The 5 Weirdest Types Of Movie Sequels

The 5 Weirdest Types Of Movie Sequels

Why some sequels work, and others don't.

It’s been commonly noted that Hollywood is dominated by sequels, and more so with each passing years. They’re often lazy cash grabs, but they can be worthy successors with the right approach. We’ve gotten so used to movie sequels that I thought it would be fun to take a look at some of the weirder kinds of sequels out there.

1. Second Verse, Same as the First

Name this movie: An off-duty cop goes to meet his wife when he’s caught in the middle of a hostage situation on Christmas Eve. The authorities fail to be of any help, and the cop has to step in and defeat the terrorists to save his wife. If you guessed ‘Die Hard,’ you’re correct! However, if you guessed ‘Die Hard 2,’ you’re also correct. The sequel replaces German terrorist/thief Hans Gruber with a rogue army officer/nude kung fu aficionado, and changes the location from Los Angeles to Washington, D.C. Otherwise, they’re basically the same movie.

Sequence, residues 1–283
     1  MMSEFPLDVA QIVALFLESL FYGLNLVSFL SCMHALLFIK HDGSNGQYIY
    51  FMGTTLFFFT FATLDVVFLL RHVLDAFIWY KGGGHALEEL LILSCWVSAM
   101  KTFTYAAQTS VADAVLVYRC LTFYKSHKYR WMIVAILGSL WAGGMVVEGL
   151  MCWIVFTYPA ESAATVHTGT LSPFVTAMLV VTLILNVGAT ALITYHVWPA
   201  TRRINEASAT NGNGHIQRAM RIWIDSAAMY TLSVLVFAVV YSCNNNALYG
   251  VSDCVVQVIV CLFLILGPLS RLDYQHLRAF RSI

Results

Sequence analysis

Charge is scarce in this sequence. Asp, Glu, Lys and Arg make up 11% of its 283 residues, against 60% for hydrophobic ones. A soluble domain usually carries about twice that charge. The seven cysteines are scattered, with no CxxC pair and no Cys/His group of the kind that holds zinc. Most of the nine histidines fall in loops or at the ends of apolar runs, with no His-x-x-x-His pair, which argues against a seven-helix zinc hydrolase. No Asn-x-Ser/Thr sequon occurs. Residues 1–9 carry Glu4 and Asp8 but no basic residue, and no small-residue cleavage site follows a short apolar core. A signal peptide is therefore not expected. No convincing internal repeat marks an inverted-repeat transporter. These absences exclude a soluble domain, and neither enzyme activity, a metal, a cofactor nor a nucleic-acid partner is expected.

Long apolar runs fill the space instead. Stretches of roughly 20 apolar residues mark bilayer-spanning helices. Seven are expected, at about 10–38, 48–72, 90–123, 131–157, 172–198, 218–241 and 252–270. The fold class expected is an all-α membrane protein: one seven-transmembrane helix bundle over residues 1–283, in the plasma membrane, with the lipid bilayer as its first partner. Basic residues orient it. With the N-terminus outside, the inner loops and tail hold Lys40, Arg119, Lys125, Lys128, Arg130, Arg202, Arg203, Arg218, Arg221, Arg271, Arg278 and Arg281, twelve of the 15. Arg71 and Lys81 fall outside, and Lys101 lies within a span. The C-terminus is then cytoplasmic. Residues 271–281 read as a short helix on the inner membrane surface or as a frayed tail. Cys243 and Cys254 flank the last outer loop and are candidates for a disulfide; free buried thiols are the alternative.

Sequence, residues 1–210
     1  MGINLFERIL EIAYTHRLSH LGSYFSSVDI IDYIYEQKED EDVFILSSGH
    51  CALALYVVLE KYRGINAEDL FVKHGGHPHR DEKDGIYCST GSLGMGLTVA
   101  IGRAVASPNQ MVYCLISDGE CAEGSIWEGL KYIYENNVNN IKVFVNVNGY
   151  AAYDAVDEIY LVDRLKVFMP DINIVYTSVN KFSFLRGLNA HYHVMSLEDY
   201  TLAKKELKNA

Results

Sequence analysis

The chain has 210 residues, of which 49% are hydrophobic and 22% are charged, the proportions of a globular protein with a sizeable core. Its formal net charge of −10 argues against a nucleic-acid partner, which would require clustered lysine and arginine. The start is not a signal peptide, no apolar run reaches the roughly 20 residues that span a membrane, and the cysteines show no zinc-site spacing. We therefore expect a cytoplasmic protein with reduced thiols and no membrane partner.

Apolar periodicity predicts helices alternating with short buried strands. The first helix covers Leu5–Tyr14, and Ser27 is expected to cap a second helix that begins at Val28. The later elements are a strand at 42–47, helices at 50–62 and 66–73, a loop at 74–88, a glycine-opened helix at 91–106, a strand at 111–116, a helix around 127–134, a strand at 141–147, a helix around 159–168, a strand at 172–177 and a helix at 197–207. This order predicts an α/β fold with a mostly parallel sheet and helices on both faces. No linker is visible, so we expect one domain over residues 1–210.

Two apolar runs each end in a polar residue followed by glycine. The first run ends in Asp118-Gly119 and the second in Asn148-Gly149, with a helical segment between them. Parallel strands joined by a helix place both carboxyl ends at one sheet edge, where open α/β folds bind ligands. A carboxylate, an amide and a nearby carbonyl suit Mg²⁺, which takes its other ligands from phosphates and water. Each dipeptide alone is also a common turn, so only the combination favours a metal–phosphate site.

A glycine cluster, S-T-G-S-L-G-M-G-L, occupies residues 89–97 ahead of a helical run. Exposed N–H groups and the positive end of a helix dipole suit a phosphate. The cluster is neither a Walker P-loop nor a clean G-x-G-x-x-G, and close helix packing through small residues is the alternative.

Hollywood logic dictates that the best way to replicate a movie’s success is to replicate the movie itself. The results can be reasonably entertaining (any movie wherein Bruce Willis stabs someone in the eye with an icicle is at least watchable), but these sequels are always trapped under the shadow of the first film. The audience goes to see what happens to their favorite characters, only to find them implausibly trapped in the same situation as before. As Bruce Willis’ John McClane so eloquently asks, “How can the same s--t happen to the same guy twice?”

2. Bigger and Better

Sometimes, an obscure indie movie manages to make it big, enabling the director to break into larger budget filmmaking. One of the earliest examples of this phenomenon comes from George Miller, who directed the low budget Australian action movie ‘Mad Max’ in 1979. It was a surprising success and launched Mel Gibson’s Hollywood career. When Miller made a more expensive sequel in 1981, Warner Bros. was willing to distribute it in America. Due to the bigger budget, Miller was able to make a much more impressive, engaging film while retaining the elements that worked in the original.